Christina Eng, Physiotherapist
As warmer weather approaches, many of us are looking to get outside for some fresh air. For a lot of us that may include running. Most running injuries don’t just happen out of nowhere. Preventing injuries before they happen is the best plan. Here are some tips to help keep you running better:
1. Listen to your body
You really need to listen to your body. Don’t force a run if you feel any niggling pain, or if your body just needs a break. If something doesn’t feel right, it probably isn’t, and that awareness is the first step. Most of us have some sort of weakness, imbalance, or asymmetry in our bodies that, with a repetitive activity like running, can lead to problems. Seeking proper assessment and treatment from a qualified physiotherapist can help you identify these areas early, and get you back to running sooner and better, ultimately avoiding taking time off later.
2. Avoid the terrible too’s
Doing too much, too soon, too fast is the number one cause of running injuries. The body needs time to adapt to increases in distance or speed. Muscles and joints need recovery time so they can handle more demands. If you rush that process, you could break down rather than build up your body, and this can lead to injury. So be the tortoise, not the hare. Stick to a schedule, don’t add extra workouts and always take at least one complete rest day per week to give your body a chance to recover and repair. Increase your weekly and monthly running totals gradually.
Running is a repetitive activity where you are constantly using the same muscles over and over again, leading to some muscles becoming over active, too tight or strong, and other ones becoming weak. Running injuries, especially knee- and hip-related problems, are often a result of muscle weaknesses or imbalances. Cross-training and strength exercises for your core and lower body (pelvis, hips, knees and ankles) can help you stay strong in these muscles that are important for keeping you stable and your body properly aligned while running.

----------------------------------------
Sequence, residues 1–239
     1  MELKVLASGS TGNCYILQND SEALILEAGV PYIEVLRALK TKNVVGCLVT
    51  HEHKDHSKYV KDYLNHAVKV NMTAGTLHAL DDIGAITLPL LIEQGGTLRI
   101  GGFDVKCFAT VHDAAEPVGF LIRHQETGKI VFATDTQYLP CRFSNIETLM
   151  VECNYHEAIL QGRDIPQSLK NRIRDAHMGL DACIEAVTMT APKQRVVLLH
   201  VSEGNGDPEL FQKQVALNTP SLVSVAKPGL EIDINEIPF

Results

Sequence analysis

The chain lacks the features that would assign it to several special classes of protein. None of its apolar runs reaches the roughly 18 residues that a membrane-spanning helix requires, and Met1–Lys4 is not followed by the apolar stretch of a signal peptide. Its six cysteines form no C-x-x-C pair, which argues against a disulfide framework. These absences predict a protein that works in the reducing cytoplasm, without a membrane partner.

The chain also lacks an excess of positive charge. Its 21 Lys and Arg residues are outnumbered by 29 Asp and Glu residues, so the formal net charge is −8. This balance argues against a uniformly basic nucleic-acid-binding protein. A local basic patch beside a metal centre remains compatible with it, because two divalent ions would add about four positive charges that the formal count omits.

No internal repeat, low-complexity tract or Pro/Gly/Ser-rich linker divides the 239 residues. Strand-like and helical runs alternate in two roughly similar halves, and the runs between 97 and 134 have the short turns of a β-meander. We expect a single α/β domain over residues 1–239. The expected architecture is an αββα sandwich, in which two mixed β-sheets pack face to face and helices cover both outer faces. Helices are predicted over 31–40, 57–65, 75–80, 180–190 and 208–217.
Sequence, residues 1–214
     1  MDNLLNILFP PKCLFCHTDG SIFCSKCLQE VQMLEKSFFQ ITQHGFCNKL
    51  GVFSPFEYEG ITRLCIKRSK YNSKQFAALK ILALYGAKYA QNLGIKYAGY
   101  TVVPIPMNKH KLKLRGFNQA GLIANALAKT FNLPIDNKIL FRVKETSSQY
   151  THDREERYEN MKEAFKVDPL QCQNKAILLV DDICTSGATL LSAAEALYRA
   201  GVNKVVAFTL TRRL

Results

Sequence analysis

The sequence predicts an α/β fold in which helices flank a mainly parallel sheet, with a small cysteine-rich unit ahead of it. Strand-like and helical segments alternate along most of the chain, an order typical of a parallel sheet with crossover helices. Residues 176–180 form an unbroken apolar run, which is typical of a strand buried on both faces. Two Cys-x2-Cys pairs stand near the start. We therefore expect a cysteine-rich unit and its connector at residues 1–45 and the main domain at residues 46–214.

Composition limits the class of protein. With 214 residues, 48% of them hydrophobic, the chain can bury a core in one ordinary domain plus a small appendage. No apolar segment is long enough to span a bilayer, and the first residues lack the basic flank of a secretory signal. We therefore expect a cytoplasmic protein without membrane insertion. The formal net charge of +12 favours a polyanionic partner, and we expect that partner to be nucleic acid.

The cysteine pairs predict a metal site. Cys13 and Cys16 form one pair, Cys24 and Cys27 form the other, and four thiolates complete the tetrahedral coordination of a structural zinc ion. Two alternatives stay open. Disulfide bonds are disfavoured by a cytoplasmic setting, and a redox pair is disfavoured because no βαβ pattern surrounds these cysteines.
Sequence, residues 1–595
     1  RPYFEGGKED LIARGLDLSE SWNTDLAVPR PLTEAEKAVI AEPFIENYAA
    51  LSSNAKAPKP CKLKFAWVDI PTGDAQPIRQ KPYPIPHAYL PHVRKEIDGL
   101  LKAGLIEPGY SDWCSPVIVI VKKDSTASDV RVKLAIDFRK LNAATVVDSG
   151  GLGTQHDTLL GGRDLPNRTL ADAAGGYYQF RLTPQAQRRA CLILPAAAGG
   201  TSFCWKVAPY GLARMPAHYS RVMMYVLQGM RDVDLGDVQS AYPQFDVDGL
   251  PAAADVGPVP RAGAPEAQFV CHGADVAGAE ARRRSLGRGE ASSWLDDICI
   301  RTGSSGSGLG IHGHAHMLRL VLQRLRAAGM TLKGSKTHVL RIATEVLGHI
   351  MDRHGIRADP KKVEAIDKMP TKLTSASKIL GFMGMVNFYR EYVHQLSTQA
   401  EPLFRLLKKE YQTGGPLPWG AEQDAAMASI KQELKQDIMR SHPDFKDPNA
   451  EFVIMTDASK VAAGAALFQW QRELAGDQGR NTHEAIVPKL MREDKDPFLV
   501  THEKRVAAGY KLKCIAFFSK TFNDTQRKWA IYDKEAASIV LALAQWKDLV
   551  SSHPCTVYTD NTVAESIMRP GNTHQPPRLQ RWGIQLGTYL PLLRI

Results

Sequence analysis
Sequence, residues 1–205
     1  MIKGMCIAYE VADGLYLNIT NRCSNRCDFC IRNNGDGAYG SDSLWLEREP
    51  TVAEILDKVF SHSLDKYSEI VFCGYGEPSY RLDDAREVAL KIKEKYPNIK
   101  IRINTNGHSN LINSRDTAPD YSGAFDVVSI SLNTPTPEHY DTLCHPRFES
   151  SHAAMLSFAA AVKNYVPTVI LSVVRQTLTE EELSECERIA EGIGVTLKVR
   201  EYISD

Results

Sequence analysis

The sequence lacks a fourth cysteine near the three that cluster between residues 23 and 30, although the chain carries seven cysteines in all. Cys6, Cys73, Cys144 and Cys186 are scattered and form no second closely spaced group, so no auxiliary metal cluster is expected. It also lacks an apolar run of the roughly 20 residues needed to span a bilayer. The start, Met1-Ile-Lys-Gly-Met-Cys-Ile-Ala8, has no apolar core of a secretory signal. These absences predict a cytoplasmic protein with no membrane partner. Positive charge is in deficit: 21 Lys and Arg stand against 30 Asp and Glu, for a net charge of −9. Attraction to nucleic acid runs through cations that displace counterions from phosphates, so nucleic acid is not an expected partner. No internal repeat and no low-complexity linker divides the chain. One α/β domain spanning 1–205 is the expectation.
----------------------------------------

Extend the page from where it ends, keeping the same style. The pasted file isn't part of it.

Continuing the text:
Stretching should be an important component to any runner’s routine to help keep overly tight muscles from causing an imbalance. Runners tend to be tight in predictable areas (most notably around the knees and hips, and in the hamstrings and calf muscles) and in turn, they get injured in and around those areas. Stretching should be comfortable and relaxing, never painful. If something hurts, you’re not in the right position or you’ve stretched too forcefully. Back off and check your position, then try again more gently. Move slowly into each stretch and don’t rush it. Once in a position, hold steady for about 30 seconds and do not bounce. The more consistently you stretch, the more effectively you will be in increasing your flexibility.
5. Wear the right shoes
Make sure that you have a fresh pair of running shoes that fit well, support your feet and accommodate your stride. Go to a specialty running store to have a shoe expert analyze your gait and fit you properly. How will you know when you need a new pair of shoes? Easy, your body will tell you. When the midsole of a shoe starts to break down it’s not supporting and protecting your foot, or the rest of your body, as well as it was when you first started running in it. Nagging little niggles in the form of sore arches, shin pains, achy knees or other small annoyances will start to manifest and could turn into a larger problem if something (in many cases, footwear) isn’t addressed. Runners who are on the fence as to whether or not they should get a new pair of shoes should go into a running shoe store and try on a fresh pair of the same shoes they’ve been training in (assuming they’ve worked out well for you). If your old shoes feel flat and “dead” compared to the new ones, then you need a new pair. The best way to tell the difference is to feel the difference.
Christina Eng is a physiotherapist at Treloar Physiotherapy Clinic in Vancouver, BC.
595 West 8th Ave